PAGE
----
U.S. turns attention to Southeast Asia
Pence visits Indonesia, says Trump will follow him later in the year
JAKARTA, Indonesia — Southeast Asia has been overlooked thus far by the Trump administration, but Vice President Mike Pence’s visit to Indonesia on Thursday marked a sign of change, and he announced that the president would follow him to the region later this year.
Anxious Southeast Asian governments are looking for a U.S. commitment to counter China’s rising economic and military clout. Vietnam’s foreign minister is in Washington this week, and the top diplomats of the region’s 10-nation bloc are expected to arrive in early May.
Pence’s stop in Jakarta on a 10-day swing through the Asia-Pacific region, meeting with Indonesian President Joko “Jokowi” Widodo, sends a message that Trump’s interests in Asia extend beyond North Korea and the massive U.S. trade imbalance with China.
Pence announced that Trump would attend the annual summit of the Association of Southeast Asian Nations, or ASEAN, in November.
Washington is “taking steps to strengthen our partnership with ASEAN and deepen our friendship,” Pence said, resolving to strengthen economic ties and security cooperation in combating terrorism and in the disputed South China Sea.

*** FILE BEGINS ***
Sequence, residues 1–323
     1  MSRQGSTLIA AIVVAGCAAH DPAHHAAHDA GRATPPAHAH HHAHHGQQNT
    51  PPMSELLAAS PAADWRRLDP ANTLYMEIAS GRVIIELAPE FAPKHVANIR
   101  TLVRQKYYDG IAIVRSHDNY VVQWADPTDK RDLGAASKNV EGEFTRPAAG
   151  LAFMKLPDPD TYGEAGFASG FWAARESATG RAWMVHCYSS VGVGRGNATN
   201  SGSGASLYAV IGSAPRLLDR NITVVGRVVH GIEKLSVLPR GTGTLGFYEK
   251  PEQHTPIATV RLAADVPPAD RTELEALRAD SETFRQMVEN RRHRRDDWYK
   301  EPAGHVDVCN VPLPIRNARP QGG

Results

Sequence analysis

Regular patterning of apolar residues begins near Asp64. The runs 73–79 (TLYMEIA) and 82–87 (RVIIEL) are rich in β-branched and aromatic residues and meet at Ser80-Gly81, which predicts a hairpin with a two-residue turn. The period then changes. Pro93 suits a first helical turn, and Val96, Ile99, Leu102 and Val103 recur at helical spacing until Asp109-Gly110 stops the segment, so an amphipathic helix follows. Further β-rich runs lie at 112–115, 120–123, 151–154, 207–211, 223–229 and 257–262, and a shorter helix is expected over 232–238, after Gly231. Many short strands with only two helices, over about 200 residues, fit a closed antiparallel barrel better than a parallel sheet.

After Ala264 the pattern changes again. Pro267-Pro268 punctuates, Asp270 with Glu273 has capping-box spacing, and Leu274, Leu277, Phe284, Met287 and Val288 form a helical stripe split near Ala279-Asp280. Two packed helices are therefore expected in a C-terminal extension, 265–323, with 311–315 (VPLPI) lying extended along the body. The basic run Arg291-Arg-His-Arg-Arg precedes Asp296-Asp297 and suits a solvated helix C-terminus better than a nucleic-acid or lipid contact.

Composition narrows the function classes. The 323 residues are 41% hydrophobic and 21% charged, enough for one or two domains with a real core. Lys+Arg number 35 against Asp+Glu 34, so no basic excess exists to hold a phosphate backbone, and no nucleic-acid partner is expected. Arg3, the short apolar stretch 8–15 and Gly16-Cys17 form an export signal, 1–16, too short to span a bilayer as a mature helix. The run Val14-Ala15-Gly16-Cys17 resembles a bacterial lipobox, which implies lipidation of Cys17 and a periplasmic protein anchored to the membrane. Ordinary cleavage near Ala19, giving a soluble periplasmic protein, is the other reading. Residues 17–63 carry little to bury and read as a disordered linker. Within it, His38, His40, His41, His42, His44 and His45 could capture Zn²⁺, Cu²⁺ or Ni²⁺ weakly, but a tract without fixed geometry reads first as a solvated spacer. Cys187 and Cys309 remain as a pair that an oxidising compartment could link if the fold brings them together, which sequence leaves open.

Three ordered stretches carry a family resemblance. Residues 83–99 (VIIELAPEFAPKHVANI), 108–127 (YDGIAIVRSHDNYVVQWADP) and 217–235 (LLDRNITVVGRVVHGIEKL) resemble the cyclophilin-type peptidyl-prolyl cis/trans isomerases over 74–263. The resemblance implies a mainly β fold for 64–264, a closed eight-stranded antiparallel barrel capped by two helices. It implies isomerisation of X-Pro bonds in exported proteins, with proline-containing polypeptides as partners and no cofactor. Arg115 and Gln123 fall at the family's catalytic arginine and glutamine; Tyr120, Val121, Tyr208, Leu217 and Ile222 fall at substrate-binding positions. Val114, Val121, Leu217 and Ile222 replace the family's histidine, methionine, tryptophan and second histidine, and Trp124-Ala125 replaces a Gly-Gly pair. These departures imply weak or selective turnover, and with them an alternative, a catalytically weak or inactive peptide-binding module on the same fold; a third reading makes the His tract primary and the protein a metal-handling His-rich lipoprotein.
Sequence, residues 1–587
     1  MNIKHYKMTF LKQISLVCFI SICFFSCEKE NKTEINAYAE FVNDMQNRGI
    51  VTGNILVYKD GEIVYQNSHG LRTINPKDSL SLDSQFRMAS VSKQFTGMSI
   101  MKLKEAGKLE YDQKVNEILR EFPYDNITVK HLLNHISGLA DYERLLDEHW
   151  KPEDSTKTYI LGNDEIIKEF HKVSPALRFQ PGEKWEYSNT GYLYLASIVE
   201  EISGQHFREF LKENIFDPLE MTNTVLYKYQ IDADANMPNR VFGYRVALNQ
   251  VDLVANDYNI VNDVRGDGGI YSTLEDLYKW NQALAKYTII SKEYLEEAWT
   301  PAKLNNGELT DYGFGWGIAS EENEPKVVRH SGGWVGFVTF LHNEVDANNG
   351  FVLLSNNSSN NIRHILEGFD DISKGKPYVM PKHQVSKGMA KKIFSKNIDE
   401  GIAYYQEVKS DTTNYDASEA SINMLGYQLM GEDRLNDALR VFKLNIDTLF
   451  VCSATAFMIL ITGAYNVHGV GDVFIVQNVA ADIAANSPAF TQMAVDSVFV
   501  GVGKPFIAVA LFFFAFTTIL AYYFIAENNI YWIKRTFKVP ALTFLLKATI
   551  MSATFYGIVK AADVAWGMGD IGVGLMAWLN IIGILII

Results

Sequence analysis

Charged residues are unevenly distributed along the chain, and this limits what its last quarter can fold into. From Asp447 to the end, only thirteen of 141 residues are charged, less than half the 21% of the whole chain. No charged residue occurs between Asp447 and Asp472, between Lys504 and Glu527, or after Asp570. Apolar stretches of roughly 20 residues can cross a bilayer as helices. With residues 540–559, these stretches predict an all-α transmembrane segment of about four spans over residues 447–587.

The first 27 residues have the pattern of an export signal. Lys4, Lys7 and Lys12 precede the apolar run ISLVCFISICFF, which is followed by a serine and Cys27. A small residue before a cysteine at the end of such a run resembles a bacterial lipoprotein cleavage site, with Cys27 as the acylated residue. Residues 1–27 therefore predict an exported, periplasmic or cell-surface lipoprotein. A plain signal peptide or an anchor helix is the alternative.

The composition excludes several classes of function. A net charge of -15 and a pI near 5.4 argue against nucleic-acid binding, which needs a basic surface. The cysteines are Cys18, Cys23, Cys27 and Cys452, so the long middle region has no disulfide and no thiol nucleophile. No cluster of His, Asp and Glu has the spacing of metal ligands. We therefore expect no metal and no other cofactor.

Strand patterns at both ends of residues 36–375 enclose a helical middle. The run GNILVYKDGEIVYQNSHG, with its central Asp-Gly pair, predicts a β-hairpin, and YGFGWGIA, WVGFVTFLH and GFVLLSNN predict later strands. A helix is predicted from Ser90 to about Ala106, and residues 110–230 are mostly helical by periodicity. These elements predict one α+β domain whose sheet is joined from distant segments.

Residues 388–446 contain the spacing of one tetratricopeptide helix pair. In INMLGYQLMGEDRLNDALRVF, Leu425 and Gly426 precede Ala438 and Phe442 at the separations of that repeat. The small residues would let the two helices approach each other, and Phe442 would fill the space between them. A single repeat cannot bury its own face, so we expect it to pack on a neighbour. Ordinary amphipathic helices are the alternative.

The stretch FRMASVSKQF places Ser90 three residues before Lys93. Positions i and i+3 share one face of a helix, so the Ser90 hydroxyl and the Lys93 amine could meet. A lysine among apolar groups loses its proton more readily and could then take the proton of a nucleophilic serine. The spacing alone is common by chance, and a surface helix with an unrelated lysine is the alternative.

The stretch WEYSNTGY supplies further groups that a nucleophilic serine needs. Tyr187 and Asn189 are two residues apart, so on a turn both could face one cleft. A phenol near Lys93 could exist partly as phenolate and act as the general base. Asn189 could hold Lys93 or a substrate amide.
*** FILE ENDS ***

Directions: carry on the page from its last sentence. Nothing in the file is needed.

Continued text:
This year marks ASEAN’s 50th anniversary. November’s summit will be in the Philippines, setting the stage for an encounter between two unconventional leaders: President Donald Trump and the host, Rodrigo Duterte, who is sometimes likened to the U.S. leader because of his outspokenness and populism.
U.S.-Philippine relations are strained over Duterte’s war on drugs and his brash efforts to forge closer ties with China. President Barack Obama scrapped a planned meeting last fall after Duterte cursed him. Before that, Obama engaged Southeast Asia more than any U.S. president since the aftermath of the Vietnam War and made ASEAN summits a fixture in his diplomatic calendar.
Trump’s “America First” rhetoric and abrupt withdrawal from Obama’s proposed pan-Pacific trade pact raised fears of U.S. protectionism hurting the region’s 600 million people. They do $225 billion in trade with the U.S. each year.